Most of my public-sector career involved directing social marketing and the marketing of products and services. However, early on I had the opportunity to use my marketing skills to market major policy, program and legislative initiatives. I have written a number of blogs on social marketing and the marketing of programs, products and services but have never written a blog on what is called “Policy Marketing”.
In 1969, Levy and Kotler co-authored a paper in the AMA’s Journal of Marketing titled “Broadening the Concept of Marketing.” They laid out the idea that marketing was about more than goods and services, it was about places, people and ideas. Instead of simply focusing on soap, toothbrushes and televisions, they wanted to expand marketing to cover cities, ideas and policies.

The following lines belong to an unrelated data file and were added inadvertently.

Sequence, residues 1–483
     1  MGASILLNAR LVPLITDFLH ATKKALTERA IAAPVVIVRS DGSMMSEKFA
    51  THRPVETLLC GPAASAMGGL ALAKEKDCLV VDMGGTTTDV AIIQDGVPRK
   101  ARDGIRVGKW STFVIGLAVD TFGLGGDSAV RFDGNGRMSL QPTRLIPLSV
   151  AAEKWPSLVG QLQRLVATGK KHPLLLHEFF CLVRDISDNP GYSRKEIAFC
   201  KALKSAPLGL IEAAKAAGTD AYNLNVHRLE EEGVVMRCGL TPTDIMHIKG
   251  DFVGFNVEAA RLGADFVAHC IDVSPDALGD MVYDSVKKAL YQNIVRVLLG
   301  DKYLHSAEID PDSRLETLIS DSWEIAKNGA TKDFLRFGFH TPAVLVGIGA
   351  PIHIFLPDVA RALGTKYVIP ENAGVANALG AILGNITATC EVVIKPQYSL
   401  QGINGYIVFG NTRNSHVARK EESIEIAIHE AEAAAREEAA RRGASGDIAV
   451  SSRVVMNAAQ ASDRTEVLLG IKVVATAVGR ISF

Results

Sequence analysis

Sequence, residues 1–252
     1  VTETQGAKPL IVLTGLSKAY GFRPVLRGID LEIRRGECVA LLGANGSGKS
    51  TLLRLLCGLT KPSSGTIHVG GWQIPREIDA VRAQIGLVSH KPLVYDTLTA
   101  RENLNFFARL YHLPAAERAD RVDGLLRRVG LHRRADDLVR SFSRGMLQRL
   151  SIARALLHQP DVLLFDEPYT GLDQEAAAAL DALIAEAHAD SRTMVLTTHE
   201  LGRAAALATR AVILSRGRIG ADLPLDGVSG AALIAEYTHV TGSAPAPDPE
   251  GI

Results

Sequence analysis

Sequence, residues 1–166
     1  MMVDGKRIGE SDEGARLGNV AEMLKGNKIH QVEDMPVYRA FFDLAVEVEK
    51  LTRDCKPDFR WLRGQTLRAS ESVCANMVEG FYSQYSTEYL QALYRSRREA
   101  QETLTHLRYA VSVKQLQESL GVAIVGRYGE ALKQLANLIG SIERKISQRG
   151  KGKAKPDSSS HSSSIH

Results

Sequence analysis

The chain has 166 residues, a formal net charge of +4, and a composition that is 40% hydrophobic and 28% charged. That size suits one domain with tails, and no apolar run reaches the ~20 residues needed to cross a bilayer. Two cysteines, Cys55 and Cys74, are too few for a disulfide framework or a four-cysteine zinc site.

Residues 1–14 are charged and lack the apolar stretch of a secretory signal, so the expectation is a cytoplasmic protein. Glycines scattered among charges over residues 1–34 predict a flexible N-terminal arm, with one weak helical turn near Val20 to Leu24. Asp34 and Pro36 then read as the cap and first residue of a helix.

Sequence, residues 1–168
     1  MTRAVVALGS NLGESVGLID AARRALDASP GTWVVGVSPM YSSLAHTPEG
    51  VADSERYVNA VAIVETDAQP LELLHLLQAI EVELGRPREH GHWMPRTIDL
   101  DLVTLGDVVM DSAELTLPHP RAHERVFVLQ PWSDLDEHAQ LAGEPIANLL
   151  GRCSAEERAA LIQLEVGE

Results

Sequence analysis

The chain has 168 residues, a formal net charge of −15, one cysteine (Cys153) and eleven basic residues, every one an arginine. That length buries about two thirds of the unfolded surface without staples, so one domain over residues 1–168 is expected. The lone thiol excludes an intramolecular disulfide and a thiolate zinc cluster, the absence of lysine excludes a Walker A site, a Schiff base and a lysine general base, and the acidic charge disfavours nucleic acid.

Many organizations spend a lot of time and energy building strong brands —but they often fall short when it comes to strengthening their employer reputation.
“Employer branding” is no longer simply a concern for recruitment marketing; it is also a key component of effective organizational leadership. If organizations can’t attract, engage, and retain the right talent, they’re unlikely to achieve their goals and objectives. Continue reading “Employer Branding: Putting Money in the “Trust Bank””